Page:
tool, it helped the students to listen to unfamiliar French pronunciation.

    3.2 Technical Environment

    Our PLE is based on Liferay (http://www.liferay.com/), an open-source portal environment that supports a

    large number of standards that enable extending the functionality of the portal through so-called gadget

    (dynamic web content that can be embedded on a web page).

    Among others, Liferay supports the OpenSocial standard. OpenSocial is a set of common application

    programming interfaces (APIs) for web-based social network applications, developed by Google along with

    MySpace and a number of other social networks. It is based on HTML and JavaScript, as well as the Google

    Gadgets framework, which specifies how to encode gadgets using XML and javascript. A closely related

    technology is the W3C widget recommendation (http://www.w3.org/TR/#tr_Widgets). In our case, we use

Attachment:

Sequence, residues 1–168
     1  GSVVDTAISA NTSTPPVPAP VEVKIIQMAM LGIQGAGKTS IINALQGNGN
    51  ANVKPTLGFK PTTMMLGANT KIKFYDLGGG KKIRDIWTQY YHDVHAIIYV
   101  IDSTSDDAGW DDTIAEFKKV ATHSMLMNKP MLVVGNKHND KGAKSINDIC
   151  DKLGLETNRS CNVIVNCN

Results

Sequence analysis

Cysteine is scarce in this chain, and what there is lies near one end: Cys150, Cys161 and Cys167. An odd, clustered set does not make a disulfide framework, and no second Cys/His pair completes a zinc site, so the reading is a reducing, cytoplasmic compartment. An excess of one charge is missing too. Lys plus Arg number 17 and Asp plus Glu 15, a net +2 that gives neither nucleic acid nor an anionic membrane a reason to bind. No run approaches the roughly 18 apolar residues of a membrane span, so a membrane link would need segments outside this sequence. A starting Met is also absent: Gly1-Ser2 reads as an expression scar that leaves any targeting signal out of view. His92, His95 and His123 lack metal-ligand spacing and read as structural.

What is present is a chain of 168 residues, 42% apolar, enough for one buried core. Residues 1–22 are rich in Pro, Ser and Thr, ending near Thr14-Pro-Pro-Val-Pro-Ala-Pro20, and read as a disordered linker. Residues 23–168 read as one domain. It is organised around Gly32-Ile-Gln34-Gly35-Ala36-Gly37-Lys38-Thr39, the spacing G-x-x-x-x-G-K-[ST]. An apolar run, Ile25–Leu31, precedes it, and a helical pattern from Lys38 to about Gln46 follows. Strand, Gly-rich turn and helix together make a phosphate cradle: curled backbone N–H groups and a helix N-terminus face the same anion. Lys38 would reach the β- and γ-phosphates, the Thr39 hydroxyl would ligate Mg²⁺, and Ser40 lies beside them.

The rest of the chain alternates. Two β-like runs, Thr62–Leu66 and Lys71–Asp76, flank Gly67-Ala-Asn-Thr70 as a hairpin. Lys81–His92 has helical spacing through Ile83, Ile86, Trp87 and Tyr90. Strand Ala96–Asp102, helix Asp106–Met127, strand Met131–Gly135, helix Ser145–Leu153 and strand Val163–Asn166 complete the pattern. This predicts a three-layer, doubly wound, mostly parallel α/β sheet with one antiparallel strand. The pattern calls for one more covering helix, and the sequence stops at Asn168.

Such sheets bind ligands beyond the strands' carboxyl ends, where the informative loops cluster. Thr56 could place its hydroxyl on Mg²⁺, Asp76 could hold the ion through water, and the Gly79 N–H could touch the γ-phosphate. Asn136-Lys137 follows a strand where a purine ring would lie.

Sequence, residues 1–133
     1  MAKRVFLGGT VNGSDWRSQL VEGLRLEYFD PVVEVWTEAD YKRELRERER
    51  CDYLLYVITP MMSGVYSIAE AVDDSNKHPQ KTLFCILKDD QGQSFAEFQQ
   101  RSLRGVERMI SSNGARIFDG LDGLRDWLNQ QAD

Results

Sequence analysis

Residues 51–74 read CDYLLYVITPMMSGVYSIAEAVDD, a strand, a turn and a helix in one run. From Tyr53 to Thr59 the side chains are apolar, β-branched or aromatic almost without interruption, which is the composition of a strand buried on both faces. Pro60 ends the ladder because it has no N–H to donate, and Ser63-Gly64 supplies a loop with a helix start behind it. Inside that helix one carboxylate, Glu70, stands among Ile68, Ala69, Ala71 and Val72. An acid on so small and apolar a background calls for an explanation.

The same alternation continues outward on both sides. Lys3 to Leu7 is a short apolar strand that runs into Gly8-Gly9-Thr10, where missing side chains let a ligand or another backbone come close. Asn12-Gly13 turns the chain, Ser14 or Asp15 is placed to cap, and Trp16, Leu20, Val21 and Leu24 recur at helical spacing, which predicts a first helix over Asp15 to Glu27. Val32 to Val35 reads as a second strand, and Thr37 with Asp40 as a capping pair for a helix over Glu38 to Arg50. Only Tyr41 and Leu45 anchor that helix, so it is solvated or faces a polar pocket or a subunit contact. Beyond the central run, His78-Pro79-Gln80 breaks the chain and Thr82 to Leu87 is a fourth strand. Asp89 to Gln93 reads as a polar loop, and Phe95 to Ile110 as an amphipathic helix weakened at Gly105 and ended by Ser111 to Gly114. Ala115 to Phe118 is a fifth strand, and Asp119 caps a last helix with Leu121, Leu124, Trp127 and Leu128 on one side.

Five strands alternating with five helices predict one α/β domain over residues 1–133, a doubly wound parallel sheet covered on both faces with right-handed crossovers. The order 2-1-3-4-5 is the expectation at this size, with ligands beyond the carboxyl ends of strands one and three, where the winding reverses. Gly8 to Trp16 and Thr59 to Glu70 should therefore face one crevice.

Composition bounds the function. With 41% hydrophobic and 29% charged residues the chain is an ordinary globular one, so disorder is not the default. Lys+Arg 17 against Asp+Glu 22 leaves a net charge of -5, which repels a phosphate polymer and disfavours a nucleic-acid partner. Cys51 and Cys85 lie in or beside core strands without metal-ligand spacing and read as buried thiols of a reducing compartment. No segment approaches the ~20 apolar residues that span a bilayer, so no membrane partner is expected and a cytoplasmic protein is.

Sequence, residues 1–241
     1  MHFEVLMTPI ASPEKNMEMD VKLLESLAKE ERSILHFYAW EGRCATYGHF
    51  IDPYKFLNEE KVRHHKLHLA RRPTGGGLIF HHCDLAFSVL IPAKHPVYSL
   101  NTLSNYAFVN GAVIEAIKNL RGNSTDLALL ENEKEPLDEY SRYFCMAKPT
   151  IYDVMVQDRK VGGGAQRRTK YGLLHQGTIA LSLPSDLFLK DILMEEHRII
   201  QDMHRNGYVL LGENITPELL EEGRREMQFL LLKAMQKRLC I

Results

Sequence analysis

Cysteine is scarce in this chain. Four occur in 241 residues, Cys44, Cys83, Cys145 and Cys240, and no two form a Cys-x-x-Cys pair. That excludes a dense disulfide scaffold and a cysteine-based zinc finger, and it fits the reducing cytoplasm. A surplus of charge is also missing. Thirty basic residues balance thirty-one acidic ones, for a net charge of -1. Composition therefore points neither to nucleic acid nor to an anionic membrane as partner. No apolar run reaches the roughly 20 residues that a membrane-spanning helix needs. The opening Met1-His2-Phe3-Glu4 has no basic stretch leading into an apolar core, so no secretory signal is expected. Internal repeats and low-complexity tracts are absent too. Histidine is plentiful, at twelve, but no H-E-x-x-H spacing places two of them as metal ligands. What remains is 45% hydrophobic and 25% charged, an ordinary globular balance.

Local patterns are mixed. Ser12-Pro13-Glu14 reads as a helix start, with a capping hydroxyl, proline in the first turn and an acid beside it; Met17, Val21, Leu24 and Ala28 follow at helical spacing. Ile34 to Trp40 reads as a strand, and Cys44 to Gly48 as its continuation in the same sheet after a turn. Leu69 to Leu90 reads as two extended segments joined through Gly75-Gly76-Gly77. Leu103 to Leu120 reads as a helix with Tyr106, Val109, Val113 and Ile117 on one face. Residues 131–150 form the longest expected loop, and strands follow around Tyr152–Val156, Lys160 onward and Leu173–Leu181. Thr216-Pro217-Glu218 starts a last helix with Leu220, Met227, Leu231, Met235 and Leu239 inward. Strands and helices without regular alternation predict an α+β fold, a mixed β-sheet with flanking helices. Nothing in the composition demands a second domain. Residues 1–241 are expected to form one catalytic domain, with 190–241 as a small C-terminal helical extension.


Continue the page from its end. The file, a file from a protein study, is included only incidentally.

OpenSocial and Google Gadgets to implement the tools to be used by the student.

    In addition to provide tools directly relevant to learning, it is important to capture the users interaction with

    the tools. This can be achieved using CAMera (Schmitz, 2009), a tool for personal monitoring and reporting.

    CAMera uses Contextualized Attention Metadata (CAM) (Wolpers, 2007) that captures the interactions of

    uses with resources and tools and provides simple metrics. CAM can receive predefined events, store the data

    into database, and it also provide web services to query the CAM database by using SQL select statements. In

    our PLE, the captured user activities were sent to CAM, which stores all the activities. In the visualization we

    use the CAM data to visualize for teachers and students to help them quickly understand their status. The

    structure of CAM data is shown in Figure 3. In CAM, an event records the user activity, at a specific time.

    A relatedenity records data about the tool that the user accessed, the person who used the tool and the tools

    urls. All different types of records are discriminated by the role attribute in eventrelatedentity table. For

    example, the role attribute value is used_widget for the accessed tool information, and it will be viewer